Lamb v. Norwood, No. 17-3171 (10th Cir. 2018)

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Justia Opinion Summary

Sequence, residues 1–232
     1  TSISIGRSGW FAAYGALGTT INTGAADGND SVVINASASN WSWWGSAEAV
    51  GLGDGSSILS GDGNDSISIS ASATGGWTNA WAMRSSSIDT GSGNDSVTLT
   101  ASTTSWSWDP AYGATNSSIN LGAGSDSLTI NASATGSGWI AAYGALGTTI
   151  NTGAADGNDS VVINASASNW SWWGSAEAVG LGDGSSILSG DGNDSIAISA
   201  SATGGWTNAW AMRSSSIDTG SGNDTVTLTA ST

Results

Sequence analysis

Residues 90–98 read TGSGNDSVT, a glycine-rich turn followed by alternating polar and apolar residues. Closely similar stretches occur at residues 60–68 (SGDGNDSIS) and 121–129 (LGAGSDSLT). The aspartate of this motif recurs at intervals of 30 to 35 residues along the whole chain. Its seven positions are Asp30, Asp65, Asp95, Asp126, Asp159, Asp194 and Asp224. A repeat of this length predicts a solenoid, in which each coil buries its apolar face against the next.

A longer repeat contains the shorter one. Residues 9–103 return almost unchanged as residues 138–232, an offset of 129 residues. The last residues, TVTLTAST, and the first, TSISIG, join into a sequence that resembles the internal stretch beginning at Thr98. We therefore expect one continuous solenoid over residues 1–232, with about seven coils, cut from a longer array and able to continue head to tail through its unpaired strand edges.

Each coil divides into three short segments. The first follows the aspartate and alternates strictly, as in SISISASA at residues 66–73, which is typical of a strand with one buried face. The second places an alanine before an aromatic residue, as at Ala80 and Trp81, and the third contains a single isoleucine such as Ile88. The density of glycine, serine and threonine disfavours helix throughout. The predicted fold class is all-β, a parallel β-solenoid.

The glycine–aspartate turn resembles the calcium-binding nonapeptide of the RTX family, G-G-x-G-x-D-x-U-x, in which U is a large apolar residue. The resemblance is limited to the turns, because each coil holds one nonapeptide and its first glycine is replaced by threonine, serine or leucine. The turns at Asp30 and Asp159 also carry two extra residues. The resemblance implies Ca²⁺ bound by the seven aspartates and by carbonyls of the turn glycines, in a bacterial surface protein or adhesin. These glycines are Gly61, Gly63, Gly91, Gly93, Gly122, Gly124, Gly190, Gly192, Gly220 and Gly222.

Michelle Renee Lamb was born a male, but from a young age, however, displayed feminine characteristics and identified as a female. Lamb was in state prison experiencing gender dysphoria. For this condition, she received medical treatment. However, she claimed the treatment was so poor that it violated the Eighth Amendment. The undisputed evidence showed Lamb received hormone treatment, testosterone-blocking medication, and weekly counseling sessions. A 1986 precedent, Supre v. Ricketts, 752 F.2d 958 (10th Cir. 1986), suggested these forms of treatment would preclude liability for an Eighth Amendment violation. Based partly on this precedent, the district court granted summary judgment to the prison officials. Lamb challenged the grant of summary judgment. After review, the Tenth Circuit concluded no genuine issue of material fact existed: “In light of the prison’s treatment for Michelle’s gender dysphoria, no reasonable factfinder could infer deliberate indifference on the part of prison officials. And the district court did not improperly curtail Michelle’s opportunity to conduct discovery. Thus, we affirm the award of summary judgment to the prison officials.”